WHAT TO DO IF YOU’RE A VICTIM OF A DOG BITE
Dog bites , in most cases, result in serious injuries to their victims. Not only does it result in actual physical injuries but also causes emotional, psychological, and loss of earnings. Usually, it is the dog owner that is responsible for footing the bill for damages because they have a legal responsibility to prevent their pets from injuring people or damaging property. If the owner of the dog have homeowner’s or renter’s insurance policy, the insurance would usually cover this type of injury.
Dog owners are financially liable for any personal injury or property damage their pets cause. California Code of Civil Procedures §3342(a) provides that the owner of any dog is liable for the damages suffered by any person who is bitten by the dog while in a public place or lawfully in a private place, including the property of the owner of the dog, regardless of the former viciousness of the dog or the owner’s knowledge of such viciousness. A person is lawfully upon the private property of such owner within the meaning of the civil code section when he or she is on the property in the performance of any duty imposed upon him or her by the laws of California or by the laws or postal regulations of the US, or when the person is on such property upon the invitation, express or implied, of the owner. This is also called strict liability. In other words, all you have to prove is that the defendant is the owner of the dog and that the dog bit you. However, liability as against property owners that do not own the dog requires notice of the dog’s vicious propensity. There is a 2 year statute of limitations that apply to dog bite claims under CCP §335.1. This means, you must file a lawsuit within 2 years from the date of the injury or your claim will be barred forever.
Dog owners, or their insurance companies, might try to argue that the victim assumed the risk of being bitten by the dog. This often arises in situations where a dog was being assisted by a good Samaritan after it had been struck by a car. In those situations, the assumption of risk defense is only secondary to the obligation imposed by statute such as the CCP §3342(a) and Health and Safety Code S121690(b) requiring vaccination of dogs against rabies. Although the victim volunteered assistance, the victim’s assumption of the risk was “secondary” in view of the duties imposed by statute above. The victim’s own fault would have to be assessed on a comparative negligence basis with that of the owner of the dog.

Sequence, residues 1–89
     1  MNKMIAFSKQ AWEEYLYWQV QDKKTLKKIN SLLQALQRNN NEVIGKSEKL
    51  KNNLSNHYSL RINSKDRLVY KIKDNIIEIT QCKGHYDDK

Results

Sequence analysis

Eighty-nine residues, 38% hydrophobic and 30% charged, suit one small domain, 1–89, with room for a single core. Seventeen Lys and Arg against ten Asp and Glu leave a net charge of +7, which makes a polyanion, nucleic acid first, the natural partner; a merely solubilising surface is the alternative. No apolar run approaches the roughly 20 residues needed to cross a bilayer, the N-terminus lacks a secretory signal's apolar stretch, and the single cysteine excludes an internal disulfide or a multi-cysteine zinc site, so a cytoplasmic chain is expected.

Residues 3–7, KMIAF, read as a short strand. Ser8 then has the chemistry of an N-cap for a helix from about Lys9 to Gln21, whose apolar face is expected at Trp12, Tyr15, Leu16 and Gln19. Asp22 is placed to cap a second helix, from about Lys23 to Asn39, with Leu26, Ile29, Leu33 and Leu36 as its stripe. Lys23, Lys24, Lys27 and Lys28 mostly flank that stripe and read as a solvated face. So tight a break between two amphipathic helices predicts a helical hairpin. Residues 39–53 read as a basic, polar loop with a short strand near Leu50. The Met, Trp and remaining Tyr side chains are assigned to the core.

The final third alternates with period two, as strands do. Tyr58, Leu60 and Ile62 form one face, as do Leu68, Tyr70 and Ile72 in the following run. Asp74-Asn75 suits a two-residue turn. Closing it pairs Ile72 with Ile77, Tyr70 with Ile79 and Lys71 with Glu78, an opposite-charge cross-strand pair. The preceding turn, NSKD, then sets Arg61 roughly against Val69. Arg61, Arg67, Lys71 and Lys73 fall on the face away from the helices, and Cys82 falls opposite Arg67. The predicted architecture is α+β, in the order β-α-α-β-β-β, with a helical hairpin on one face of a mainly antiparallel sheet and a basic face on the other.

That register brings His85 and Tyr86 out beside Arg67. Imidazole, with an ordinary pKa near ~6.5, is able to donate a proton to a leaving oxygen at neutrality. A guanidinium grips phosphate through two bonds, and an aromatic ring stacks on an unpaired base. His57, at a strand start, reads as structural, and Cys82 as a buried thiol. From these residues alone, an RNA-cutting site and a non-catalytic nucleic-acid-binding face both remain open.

There is however an occupational assumption of risk that applies to veterinarians. Veterinarians are barred from recovery for dog bite injuries sustained while treating the dog because the risk that a dog might bite treating veterinarians is a known risk inherent in the occupation and hence serves as a complete defense to an action against the dog’s owner. This applies to the Veterinarian’s assistants as well. However this bar does not apply to dog owners who purposefully or negligently conceal from a veterinarian their dog’s known particular vicious propensities because this exposes the veterinarian to unknown risk. Veterinarian’s are also not barred from making a claim where the dog bit injury occurred outside the employment relationship.
It is important to obtain witnesses to your case and to seek medical treatment as soon as possible in order to preserve and document your injuries. This will increase the likelihood of success in your case. Most importantly, seek the help of an experienced Attorney to represent you.
Please note that this article is not legal advice and is not intended as legal advice. The article is intended to provide only general, non-specific legal information. This article is not intended to cover all the issues related to the topic discussed. The specific facts that apply to your matter may make the outcome different than would be anticipated by you. This article does not create any attorney-client relationship between you and the Law Offices of Kenneth U. Reyes, P.C. This article is not a solicitation.
Attorney Kenneth Ursua Reyes was President of the Philippine American Bar Association for 2005. He is a member of both the Family law section and Immigration law section of the Los Angeles County Bar Association. Mr. Reyes is a Certified Family Law Specialist. He is a graduate of Southwestern University Law School in Los Angeles and California State University, San Bernardino School of Business Administration. He has extensive former CPA experience prior to law practice. LAW OFFICES OF KENNETH REYES, P.C. is located at 3699 Wilshire Blvd., Suite 700, Los Angeles, CA, 90010. Tel. (213) 388-1611 or e-mail firstname.lastname@example.org; visit at www.kenreyeslaw.com